Uploading Personal ssh Keys to Amazon EC2

Amazon recently launched the ability to upload your own ssh public key to EC2 so that it can be passed to new instances when they are launched. Prior to this you always had to use an ssh keypair that was generated by Amazon.

The benefits of using your own ssh key include:

  • Amazon never sees the private part of the ssh key (though they promise they do not save a copy after you downloaded it and we all trust them with this)

  • The private part of the ssh key is never transmitted over the network (though it always goes over an encrypted connection and we mostly trust this)

  • You can now upload the same public ssh key to all EC2 regions, so you no longer have to keep track of a separate ssh key for each region.

  • You can use your default personal ssh key with brand new EC2 instances, so you no longer have to remember to specify options like -i EC2KEYPAIR in every ssh, scp, rsync command.

If you haven’t yet created an ssh key for your local system, it can be done with the command:

ssh-keygen

You can accept the default file locations, and I recommend using a secure passphrase to keep the key safe.

Here are some sample commands that will upload to all existing regions your personal ssh public key from the default file location on Ubuntu, giving it an EC2 keypair name of your current username. Adjust to suit your preferences:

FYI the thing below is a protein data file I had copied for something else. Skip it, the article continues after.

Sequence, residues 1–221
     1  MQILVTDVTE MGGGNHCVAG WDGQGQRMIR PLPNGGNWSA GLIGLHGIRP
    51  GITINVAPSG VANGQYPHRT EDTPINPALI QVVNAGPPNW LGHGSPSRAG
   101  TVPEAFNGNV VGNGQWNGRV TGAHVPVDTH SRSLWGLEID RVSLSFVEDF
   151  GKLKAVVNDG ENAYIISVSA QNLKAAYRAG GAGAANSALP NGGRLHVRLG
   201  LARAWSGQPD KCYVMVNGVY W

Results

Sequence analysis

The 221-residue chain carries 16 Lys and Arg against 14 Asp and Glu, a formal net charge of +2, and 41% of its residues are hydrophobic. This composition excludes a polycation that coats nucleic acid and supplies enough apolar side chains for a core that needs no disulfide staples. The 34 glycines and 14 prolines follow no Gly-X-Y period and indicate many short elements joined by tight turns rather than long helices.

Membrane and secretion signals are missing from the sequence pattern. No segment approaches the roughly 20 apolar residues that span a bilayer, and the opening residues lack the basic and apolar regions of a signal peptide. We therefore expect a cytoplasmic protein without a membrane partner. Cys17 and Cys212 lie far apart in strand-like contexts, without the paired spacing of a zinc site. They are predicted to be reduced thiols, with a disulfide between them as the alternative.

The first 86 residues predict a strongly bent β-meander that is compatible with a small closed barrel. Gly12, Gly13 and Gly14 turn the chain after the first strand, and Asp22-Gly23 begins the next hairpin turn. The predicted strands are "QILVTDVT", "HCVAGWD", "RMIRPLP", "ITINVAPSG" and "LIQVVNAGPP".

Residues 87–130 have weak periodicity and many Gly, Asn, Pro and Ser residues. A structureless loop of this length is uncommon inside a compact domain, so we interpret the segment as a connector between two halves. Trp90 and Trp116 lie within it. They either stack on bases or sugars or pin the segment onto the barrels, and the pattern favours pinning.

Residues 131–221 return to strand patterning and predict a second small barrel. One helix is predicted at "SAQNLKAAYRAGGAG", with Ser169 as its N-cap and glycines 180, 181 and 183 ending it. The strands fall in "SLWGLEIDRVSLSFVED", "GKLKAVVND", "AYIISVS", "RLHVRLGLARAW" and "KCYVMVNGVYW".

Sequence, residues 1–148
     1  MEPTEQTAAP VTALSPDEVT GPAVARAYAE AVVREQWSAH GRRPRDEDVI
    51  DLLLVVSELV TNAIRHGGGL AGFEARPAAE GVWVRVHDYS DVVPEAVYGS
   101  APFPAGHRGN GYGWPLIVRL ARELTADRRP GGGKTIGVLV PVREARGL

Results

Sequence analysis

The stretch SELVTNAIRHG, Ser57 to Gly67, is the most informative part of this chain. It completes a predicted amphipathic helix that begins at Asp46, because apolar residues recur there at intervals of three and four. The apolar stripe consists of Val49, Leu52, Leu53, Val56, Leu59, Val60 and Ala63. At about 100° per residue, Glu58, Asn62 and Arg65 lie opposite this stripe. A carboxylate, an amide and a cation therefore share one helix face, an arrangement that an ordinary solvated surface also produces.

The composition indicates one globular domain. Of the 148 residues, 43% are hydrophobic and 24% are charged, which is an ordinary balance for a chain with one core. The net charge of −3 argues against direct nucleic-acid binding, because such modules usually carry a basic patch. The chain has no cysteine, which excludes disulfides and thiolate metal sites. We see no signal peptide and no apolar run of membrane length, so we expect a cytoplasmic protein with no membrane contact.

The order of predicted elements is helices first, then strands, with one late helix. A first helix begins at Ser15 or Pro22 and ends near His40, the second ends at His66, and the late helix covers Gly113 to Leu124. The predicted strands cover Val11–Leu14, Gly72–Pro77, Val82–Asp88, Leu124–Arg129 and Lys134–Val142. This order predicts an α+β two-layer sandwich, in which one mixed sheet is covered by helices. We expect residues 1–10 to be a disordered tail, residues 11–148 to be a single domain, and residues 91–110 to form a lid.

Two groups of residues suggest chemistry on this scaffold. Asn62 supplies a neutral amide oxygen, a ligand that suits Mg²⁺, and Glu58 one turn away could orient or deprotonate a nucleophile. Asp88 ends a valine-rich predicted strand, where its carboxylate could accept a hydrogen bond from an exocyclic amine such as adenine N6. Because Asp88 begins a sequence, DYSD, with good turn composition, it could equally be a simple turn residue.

keypair=$USER  # or some name that is meaningful to youpublickeyfile=$HOME/.ssh/id_rsa.pubregions=$(ec2-describe-regions | cut -f2)for region in $regions; do  echo $region  ec2-import-keypair --region $region --public-key-file $publickeyfile $keypairdone

When you start new instances, you can now specify this new keypair name and EC2 will provide the previously uploaded public ssh key to the instance, allowing you to ssh in. For example:

ec2-run-instances --key $USER ami-508c7839[...]ec2-describe-instances i-88eb15e5[...]ssh ubuntu@ec2-184-73-107-172.compute-1.amazonaws.com

Don’t forget to terminate the instance if you started one to test this.

[Update]

Based on a Twitter question, I tested uploading a DSA public ssh key (instead of RSA) and got this error from Amazon:

Client.InvalidKeyPair.Format: Invalid DER encoded key material

I don’t see why DSA would not work since it’s just a blurb of text being stored by EC2 and passed to the instance to add to $HOME/.ssh/authorized_keys but there you have it.

 

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